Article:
Aug 15 2012
2 notes


To make up for months of no posts on my veg blog, I decided to go right ahead and whip up the BEST GODDAMN BOLOGNESE I’VE EVER MADE IN MY LIFE.

Perhaps this is because I’m British, and we’re going through a spell of getting things right. Or maybe it’s because I used a particular kind of veg for this dish:

Yeah that’s right. I wrote “HOME GROWN” using home grown produce (but then had to write this in case you couldn’t tell what it said).

Seriously, cooking with home grown veg is on a whole other level. These beautiful potatoes sat and grew in little sacks in our yard for months, and now here they are, all smooth and glossy and perfect, like babies. Like the children I never had, yet, or whatever.

Here they are just after harvesting:

And here they are lined up like one of those infographics that shows you the comparative size of planets in the universe:

Okay, so, the recipe for life affirming veggie bolognese:

Yard-grown potatoes
Dad-grown swiss chard & shallots
Rosemary picked from behind the bus stop (while everyone looks at you thinking you’re insane)
Sweet potato
Green chili
Soya mince
Tomato puree
Tin of chopped tomato
Red wine
Marmite (or shop’s own brand yeast extract - its all the same stuff)

I’m not going to go through every bit of this as it’s pretty easy (and if I don’t start shortening my blog posts I won’t get round to posting for another 6 months…) so just chop up your veg and get frying.

Start with the onion, shallots, garlic, and green chili in a pan with a bit of butter and olive oil.

Let them get a little bit of colour, and then add your soya mince, a satisfying squeeze of tomato puree, and a tin of chopped tomatoes.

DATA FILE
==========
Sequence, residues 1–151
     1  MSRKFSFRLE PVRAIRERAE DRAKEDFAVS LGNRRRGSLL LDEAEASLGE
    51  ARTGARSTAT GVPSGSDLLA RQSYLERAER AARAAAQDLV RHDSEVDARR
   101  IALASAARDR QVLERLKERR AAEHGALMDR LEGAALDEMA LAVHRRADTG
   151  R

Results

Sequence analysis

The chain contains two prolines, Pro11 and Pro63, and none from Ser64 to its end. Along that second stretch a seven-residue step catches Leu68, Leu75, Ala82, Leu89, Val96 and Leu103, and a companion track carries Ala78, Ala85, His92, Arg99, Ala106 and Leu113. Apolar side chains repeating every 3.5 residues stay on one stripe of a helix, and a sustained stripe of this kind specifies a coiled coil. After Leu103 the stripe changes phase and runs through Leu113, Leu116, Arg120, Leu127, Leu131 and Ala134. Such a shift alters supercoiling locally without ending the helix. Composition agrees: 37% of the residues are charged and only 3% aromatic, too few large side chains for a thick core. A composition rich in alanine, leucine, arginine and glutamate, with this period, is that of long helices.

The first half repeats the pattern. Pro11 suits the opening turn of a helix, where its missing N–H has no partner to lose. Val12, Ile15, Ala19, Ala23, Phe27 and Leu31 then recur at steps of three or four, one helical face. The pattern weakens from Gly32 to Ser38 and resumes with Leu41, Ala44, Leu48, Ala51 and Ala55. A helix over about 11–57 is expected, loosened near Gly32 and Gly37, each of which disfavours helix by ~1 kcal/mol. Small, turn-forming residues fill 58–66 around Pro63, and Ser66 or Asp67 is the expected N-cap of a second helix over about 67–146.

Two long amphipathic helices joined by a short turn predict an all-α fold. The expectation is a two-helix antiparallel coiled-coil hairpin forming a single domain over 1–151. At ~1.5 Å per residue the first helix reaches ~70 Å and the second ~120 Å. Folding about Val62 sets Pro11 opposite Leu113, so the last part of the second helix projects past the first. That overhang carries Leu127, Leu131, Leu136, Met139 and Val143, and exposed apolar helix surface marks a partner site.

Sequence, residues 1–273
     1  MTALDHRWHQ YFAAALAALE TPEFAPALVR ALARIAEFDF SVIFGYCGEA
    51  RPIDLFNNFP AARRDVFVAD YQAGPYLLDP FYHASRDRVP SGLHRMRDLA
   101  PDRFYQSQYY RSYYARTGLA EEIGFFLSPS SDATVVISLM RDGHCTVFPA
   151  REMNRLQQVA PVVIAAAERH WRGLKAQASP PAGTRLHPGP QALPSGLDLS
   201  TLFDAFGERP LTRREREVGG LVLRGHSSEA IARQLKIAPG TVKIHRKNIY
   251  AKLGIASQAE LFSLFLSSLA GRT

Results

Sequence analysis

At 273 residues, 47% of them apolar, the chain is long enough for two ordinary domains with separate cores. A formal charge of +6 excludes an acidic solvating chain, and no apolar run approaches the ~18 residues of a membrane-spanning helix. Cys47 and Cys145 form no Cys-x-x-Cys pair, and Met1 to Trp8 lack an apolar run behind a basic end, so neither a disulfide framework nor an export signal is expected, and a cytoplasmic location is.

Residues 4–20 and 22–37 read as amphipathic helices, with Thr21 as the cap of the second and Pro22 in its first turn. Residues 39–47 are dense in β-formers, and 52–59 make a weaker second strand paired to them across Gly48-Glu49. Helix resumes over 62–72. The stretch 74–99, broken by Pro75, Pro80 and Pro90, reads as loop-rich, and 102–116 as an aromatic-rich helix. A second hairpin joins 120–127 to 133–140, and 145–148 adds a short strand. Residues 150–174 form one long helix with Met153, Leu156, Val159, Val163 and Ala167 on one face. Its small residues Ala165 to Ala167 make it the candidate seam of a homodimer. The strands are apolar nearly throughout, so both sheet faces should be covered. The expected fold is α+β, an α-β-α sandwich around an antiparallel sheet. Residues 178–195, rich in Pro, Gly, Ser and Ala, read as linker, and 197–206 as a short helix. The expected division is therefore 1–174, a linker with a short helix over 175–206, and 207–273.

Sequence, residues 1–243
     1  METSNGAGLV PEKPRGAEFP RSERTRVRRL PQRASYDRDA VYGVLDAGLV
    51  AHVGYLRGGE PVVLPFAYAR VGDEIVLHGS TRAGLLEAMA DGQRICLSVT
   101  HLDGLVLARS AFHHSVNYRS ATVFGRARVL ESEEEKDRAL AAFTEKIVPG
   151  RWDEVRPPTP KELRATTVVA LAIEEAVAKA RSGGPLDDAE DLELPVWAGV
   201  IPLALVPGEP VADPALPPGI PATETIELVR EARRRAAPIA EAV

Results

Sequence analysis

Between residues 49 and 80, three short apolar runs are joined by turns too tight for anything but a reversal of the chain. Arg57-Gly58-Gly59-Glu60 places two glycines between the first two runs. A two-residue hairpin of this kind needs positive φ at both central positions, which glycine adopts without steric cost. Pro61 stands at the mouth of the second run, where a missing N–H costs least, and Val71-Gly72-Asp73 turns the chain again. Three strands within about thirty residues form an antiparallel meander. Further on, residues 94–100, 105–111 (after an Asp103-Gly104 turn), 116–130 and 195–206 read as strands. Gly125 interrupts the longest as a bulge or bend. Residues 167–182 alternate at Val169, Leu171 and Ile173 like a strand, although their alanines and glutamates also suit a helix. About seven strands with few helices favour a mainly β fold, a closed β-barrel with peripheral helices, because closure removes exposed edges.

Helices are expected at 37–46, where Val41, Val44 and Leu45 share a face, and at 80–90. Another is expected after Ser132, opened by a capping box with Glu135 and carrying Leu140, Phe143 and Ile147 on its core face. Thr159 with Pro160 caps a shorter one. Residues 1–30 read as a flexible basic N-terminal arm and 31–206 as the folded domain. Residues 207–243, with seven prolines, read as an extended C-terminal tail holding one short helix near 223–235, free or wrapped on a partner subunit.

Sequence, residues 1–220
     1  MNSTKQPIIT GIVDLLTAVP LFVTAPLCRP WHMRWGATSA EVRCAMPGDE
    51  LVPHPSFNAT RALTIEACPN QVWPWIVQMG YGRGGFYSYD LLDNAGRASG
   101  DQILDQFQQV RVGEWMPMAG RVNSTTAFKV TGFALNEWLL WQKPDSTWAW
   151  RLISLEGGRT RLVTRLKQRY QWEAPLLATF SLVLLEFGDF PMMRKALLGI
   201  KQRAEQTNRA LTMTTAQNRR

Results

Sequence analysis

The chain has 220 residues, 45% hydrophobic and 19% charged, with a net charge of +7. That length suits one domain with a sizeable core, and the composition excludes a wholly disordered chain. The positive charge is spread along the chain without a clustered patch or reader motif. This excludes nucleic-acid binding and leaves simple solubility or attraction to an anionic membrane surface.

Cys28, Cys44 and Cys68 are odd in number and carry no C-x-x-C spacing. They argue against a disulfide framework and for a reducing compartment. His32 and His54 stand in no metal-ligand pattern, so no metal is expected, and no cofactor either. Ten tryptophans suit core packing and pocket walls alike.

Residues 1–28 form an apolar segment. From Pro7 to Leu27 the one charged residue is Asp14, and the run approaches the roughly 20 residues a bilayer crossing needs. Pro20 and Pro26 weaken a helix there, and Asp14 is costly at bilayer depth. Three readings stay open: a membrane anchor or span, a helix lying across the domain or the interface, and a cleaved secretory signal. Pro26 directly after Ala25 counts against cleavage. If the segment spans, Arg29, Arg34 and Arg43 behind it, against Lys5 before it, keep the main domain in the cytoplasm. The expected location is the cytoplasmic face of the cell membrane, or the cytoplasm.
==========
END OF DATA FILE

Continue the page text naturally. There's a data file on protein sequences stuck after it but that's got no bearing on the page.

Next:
Once the flavours are all blending beautifully, add a good bit of red wine. Heck, add as much as you like (not a whole bottle, but more than a dash. Somewhere in between those two measurements).

Let all this simmer away and infuse, and then stir in nature’s most psychedelic leafy vegetable: Swiss chard!

Watch as the pan explodes with pink, yellow, and green shades of delicious allotment-grown magic. I remember the first time someone showed me swiss chard and I thought it was some kind of cosmic joke. Mother Earth does like to trip us out from time to time, doesn’t she?

Anyway, enough about chard. Back to the cooking.

It’s time to give this dish a layer of deep, rich, yeasty flavour that feels like a really comfy armchair whilst watching a challenging yet very watchable film on DVD. You feel like you’re being pushed just enough to keep your mind engaged, but you’re essentially comfortable and oh so happy to be there.

Meanwhile: new pan. More oil. Bit of butter. Crushed garlic. Rosemary from the bus stop.

Get your yard grown spud slices in there for 8-10 minutes, or until they start going brown and crispy, and then we should be ready to check the seasoning of our bolognese and…